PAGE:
On traditional tables, people often manipulate a variety of physical objects, both 2D in nature (e.g., paper) and 3D in nature (e.g., books, pens, models, etc.). Current advances in hardware technology for tabletop displays introduce the possibility of mimicking these physical interactions through direct-touch or tangible user interfaces. While both promise intuitive physical interaction, they are rarely discussed in combination in the literature.
In this paper, we present a study that explores the advantages and disadvantages of tangible and touch interfaces, specifically in relation to one another. We discuss our results in terms of how effective each technique was for accomplishing both a 3D object manipulation task and a 2D information visualization exploration task. Results suggest that people can more quickly move and rotate objects in 2D with our touch interaction, but more effectively navigate the visualization using tangible interaction. We discuss how our results can be used to inform future designs of tangible and touch interaction.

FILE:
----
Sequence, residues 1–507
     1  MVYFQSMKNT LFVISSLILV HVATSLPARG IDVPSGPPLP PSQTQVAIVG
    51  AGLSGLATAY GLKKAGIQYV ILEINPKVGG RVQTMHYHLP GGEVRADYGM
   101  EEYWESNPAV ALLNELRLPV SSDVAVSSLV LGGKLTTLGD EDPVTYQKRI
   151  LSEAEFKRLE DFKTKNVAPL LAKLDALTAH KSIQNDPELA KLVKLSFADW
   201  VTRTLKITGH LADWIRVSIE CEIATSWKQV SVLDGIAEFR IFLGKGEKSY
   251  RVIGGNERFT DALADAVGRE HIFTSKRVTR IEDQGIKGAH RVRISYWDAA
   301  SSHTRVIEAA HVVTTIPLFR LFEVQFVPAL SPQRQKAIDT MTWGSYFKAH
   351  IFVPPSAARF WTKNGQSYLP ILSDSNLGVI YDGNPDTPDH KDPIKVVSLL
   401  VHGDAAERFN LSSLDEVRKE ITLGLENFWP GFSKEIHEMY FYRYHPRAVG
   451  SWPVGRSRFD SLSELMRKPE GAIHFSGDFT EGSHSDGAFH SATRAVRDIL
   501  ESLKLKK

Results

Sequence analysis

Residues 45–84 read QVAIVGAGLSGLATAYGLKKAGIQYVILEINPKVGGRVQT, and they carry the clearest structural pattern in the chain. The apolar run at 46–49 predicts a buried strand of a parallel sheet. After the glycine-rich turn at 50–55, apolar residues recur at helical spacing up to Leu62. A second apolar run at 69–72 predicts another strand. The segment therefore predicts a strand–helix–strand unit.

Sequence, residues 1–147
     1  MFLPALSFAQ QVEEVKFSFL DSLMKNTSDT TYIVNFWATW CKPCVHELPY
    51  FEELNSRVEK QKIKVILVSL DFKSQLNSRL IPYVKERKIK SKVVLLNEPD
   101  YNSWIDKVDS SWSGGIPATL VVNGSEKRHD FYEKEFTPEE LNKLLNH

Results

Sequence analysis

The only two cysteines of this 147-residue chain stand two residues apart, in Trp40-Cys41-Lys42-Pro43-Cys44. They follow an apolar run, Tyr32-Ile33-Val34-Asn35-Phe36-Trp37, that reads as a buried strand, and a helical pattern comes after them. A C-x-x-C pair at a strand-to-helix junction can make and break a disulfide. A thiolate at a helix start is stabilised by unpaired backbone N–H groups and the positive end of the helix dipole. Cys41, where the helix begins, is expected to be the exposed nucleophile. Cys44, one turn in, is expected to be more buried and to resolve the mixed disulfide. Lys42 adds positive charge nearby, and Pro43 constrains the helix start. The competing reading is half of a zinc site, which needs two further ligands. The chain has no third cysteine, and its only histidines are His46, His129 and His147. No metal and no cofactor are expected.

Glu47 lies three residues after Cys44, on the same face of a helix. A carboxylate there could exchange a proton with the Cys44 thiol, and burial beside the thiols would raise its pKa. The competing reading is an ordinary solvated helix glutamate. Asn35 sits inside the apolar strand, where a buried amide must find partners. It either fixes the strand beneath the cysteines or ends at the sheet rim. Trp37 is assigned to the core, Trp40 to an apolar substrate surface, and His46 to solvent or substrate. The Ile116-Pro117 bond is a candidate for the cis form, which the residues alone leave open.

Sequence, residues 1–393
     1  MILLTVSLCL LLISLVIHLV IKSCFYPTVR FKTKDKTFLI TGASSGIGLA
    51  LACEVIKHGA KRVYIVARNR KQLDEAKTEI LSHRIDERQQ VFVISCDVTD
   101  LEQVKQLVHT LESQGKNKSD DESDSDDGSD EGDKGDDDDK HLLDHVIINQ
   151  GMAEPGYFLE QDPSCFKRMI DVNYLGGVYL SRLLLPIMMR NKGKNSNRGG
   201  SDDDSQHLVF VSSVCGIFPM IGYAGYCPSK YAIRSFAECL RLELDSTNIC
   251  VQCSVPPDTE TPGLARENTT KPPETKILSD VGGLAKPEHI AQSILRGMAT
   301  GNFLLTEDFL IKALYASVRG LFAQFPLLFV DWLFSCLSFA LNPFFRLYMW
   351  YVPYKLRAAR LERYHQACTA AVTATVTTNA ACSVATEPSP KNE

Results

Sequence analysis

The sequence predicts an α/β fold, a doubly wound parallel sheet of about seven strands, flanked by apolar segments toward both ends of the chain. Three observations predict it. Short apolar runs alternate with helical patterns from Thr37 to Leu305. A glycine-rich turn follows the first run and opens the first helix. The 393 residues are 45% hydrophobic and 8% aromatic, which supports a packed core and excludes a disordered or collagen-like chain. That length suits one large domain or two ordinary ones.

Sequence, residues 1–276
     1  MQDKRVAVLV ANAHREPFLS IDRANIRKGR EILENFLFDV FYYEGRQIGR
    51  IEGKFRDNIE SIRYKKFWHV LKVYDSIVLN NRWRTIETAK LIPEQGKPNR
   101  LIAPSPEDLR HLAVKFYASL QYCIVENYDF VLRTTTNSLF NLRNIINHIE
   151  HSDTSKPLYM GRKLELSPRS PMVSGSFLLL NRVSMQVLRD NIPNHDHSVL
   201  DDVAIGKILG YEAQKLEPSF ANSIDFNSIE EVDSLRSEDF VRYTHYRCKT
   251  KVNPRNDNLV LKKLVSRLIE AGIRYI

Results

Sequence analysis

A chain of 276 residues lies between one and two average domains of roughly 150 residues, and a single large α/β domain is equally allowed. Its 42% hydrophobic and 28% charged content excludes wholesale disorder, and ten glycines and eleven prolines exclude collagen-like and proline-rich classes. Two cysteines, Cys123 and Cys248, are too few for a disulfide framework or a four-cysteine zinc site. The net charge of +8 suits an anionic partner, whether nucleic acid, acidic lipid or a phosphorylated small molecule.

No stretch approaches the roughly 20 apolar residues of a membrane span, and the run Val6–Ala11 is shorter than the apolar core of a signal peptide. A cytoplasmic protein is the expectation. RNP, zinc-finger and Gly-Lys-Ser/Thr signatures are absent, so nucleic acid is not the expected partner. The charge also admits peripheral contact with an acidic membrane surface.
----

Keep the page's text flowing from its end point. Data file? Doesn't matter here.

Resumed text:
ACM Digital Library
Proceedings of the ACM International Conference on Interactive Tabletops and Surfaces